Future Man Season 2 Review


 

Season 1

Season 2

Episode Guide

Countdown to Prologue
The I of the Tiger
A Wolf in the Torque House
Guess Who’s Coming to Lunch
J1: Judgement Day
The Binx Ultimatum
Homicide: Life in the Mons
The Last Horchata
PUP-E Q. Barkington
Exes and OS’s
Dia de Los Robots
The Brain Job
Ultra-Max

 

 

Back for a second season, Future Man returns, picking up where it left off for a more reserved and somewhat underwhelming 13 episodes of sci-fi comedy. Set entirely in the future, Future Man strips out the clever time jumps of old and instead replaces it with deeper characterisation and a simpler mission for the trio to complete. Most of the season is just enjoyable enough to keep you watching but there are moments that feel unnecessarily bloated and overlong. Thankfully the final few episodes bring the focus and fun vibes of the first season back to deliver an exciting and intriguingly controversial end to this show.

We left Josh last season to the confines of his government prison cell after blowing up the building and presumably saving the world. Wolf and Tiger return to the future and all seems to be right with the world. That is, until Josh wakes up in the future to discover he’s a prisoner of a strange organisation. It’s this time zone where the entire season takes place. While the overarching story sees the trio teaming up again to find Stu and stop whatever he has planned for the future of humanity, there’s an equal focus on the TTD too, with both stories joining together and inevitably raising a few niggling questions around continuity.

Part of the allure with the first season was just how much off-the-wall fun the team had with its constant time jumps and clever pacing. With a more grounded focus and a story set predominantly in the future, Future Man feels a lot slower in comparison, losing focus on what made the first so great. Having said that, Future Man is still a whole lot of fun and seeing deeper storylines for each of the characters really helps add some dimension to the main players here. Wolf’s intimate confliction around his newfound family is nicely written as is Tiger’s dilemma regarding Stu’s simulations. Having said that, while Josh remains the focal point of the whole story, he’s not given a whole lot to work with her.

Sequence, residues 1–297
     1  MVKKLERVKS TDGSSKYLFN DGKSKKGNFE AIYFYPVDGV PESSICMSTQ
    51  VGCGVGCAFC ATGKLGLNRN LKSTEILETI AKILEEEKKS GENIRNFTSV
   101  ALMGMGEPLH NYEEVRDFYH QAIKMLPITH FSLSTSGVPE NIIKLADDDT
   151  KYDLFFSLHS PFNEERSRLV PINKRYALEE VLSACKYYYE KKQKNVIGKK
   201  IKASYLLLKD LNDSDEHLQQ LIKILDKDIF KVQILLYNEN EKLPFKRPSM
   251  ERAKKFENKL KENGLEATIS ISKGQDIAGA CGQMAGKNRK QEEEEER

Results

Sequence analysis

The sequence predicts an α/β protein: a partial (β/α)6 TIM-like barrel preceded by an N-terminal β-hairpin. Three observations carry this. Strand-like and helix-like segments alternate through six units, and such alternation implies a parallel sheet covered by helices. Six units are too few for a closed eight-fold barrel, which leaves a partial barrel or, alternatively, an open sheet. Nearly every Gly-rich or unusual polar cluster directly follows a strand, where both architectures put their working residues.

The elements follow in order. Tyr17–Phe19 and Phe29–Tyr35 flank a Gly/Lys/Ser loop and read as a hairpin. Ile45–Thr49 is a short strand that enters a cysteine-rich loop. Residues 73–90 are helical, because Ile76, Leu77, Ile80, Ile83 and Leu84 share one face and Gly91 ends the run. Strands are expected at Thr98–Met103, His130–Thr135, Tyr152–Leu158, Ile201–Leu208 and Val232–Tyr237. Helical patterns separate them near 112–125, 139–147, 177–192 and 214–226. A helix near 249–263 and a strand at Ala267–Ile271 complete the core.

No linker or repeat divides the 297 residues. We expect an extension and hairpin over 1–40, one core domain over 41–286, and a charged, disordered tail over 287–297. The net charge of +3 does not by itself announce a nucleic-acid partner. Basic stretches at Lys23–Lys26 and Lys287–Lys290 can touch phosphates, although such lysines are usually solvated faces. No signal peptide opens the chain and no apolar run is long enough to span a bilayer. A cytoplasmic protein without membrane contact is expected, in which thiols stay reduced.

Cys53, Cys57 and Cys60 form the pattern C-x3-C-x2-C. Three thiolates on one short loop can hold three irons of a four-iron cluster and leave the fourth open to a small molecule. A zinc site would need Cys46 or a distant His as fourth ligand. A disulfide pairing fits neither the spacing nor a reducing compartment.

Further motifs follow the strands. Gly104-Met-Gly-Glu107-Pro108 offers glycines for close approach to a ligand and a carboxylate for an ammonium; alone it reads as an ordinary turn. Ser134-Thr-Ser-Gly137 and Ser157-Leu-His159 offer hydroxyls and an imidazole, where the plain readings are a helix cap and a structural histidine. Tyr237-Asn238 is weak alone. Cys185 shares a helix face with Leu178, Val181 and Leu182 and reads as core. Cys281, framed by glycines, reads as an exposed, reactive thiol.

While the crude humour and generally funny moments are still here, they feel a lot less commonplace compared to last season. Some of this is thanks to the pacing which does feel decidedly slower compared to the first where the jokes came thick and fast. Perhaps with a few more time jumps and a return to the clever antics this brought Future Man could have matched its first but aside from a few nicely worked set pieces late on, Future Man feels a little lacklustre as a follow up season.

At this present time massive question marks remain around the future of Future Man. I may be proven wrong of course but given the way this season ends, it feels a lot more conclusive and suitably crazy compared to what we received last year. With deeper characterisation and a more streamlined story, fans of the first season are sure to enjoy this continuation of the story but likely with less enthusiasm than before. The characters and humour is still here but it’s far more reserved than before. This one is well worth a watch to see how it plays out but be prepared to sit through a fair amount of bloat before this one settles into a decent rhythm.

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  • 6.5/10
    Verdict - 6.5/10
6.5/10

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